This principle is an extension of the first principle but deserves special mention. It means ditching the breads, crackers, and protein bars in favor of cooked grains and soups. One of the most popular convalescent foods in China is congee, which, at its most basic, is porridge made from a grain (commonly rice, barley, or oats) cooked for longer than usual and with extra water. The extra water and longer cooking time helps the grains break down more, thus enhancing digestibility. Along these same lines, soups of all sorts are wonderful for promoting healing and rejuvenation, especially when prepared with a base of home-cooked bone broth or veggie stock. This principle also applies to any dried fruits, nuts, or seeds, all of which are much more easily digested if they have been pre-soaked in water or cooked into other foods. Good choices include red dates, figs, goji berries, black sesame seeds, pumpkin seeds, almonds, and walnuts.

2. Start with easily-digestible animal protein

While reaching for a cheesesteak first thing might be just the ticket for some women, many do much better starting with gentler forms of animal protein like bone broth, butter and ghee (melted on vegetables or stirred into congees), whisked eggs stirred into soup (egg-drop soup), bits of meat cooked into soup and stews, and warm milk with spices (turmeric, cardamom, ginger). As your energy returns, heavier meals with meats and cheeses may become easier to assimilate.

Herbs and Chinese Medicine for Postpartum

 In a perfect world, every new mom would have the opportunity to consult with a Chinese Medicine practitioner and receive a custom blend of postpartum herbs to help her heal!

We particularly recommend that you seek help if you are experiencing any of the following:

  • Postpartum depression
  • Exhaustion
  • Poor milk supply
  • Mastitis
  • Increased sweating
  • Excessive bleeding
  • Uterine prolapse
  • Urinary tract infection
  • Hemorrhoids

For your herbal medicine, we recommend finding a practitioner who specializes in women’s care and who does phone consultations, so you can stay cozy at home in your sanctuary! At Well Woman Acupuncture, we will happily mail your herbs to you if you don’t have someone to pick up your herbs or if you live far away.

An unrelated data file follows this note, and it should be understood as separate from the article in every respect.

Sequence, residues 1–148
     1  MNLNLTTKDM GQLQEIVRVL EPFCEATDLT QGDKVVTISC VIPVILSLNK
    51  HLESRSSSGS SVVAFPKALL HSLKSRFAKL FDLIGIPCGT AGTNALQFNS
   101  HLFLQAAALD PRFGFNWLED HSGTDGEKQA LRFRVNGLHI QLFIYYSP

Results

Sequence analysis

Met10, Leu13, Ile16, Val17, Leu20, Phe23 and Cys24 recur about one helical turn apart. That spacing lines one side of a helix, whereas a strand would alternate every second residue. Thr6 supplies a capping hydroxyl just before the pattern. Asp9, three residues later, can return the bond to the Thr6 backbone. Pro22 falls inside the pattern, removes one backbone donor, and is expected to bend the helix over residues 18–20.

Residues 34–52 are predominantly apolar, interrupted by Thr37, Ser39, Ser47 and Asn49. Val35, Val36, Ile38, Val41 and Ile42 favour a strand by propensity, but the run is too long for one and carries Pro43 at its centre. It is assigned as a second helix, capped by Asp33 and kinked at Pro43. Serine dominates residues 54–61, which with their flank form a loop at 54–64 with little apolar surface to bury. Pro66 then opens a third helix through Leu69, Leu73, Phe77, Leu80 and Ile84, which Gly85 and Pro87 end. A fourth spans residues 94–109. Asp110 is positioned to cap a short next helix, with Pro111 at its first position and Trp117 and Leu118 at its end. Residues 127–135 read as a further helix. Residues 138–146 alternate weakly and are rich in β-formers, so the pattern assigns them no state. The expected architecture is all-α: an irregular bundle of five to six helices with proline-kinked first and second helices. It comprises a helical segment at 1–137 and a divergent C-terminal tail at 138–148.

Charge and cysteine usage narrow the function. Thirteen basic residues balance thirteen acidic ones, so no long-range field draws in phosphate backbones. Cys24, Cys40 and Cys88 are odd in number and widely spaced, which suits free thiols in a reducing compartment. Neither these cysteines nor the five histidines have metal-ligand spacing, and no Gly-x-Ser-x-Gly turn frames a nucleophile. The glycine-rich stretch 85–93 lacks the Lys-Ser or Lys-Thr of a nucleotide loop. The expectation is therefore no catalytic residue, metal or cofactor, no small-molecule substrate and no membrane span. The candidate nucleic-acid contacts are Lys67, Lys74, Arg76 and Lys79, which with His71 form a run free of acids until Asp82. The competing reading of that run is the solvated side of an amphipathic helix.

Once you are ready to venture out of the house, acupuncture is a wonderful addition to your self-care routine that will work synergistically with your custom herbal formulas to optimize your recovery time. Consider biweekly acupuncture treatments to promote uterine healing, alleviate back and hip pain, facilitate a smooth milk supply, and boost your overall energy and mood. Weekly treatments may be indicated if you are experiencing any of the complications listed above.

And don’t forget that acupuncturists can work wonders for your little bundle of joy too! When treating infants and young children, we use special Japanese tools that we gently tap and brush along the skin to stimulate certain acupuncture points and meridians. Kids are super responsive to this treatment, so be sure to give us a call if any ear infections, digestive troubles, or sniffles come your way!

Our Favorite Postpartum Book

The First Forty Days: The Essential Art of the Nourishing the New Mother

This lovely book serves as guide for the modern day mother wishing to navigate her postpartum recovery armed with traditional grandmother wisdom. It is full of self-care strategies and tips, suggested must-have pantry items, and a terrific collection of nourishing recipes ranging from Beef Bone Broth to Miso & Burdock Soup to Spiced Vanilla Egg Custard. The perfect gift for a mama-to-be.

Have postpartum self-care tips that you’d like to share? Post your comments below! And, as always, don’t hesitate to include us as part of your self-care network. If you are unsure if acupuncture and herbal medicine are right for you, contact us to schedule a free 15-minute consultation. We are here for you!